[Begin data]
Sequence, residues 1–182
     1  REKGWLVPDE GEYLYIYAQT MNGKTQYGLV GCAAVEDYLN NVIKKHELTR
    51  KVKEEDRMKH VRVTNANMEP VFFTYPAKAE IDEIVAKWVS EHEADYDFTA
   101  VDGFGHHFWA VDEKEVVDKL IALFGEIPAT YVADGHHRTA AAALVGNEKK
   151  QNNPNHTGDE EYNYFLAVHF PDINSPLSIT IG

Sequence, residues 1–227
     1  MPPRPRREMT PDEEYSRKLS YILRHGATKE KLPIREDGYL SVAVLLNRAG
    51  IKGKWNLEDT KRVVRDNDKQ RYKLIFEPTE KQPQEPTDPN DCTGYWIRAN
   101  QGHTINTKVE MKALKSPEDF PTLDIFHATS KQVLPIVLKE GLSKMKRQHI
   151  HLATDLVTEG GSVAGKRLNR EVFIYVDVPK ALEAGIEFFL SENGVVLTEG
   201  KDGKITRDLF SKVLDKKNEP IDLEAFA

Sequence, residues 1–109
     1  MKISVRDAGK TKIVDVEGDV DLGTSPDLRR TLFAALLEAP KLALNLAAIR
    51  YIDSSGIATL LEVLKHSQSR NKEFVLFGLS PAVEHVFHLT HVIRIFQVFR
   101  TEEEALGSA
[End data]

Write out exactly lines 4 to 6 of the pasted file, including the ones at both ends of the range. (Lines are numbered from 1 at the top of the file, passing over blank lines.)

   101  VDGFGHHFWA VDEKEVVDKL IALFGEIPAT YVADGHHRTA AAALVGNEKK
   151  QNNPNHTGDE EYNYFLAVHF PDINSPLSIT IG

Sequence, residues 1–227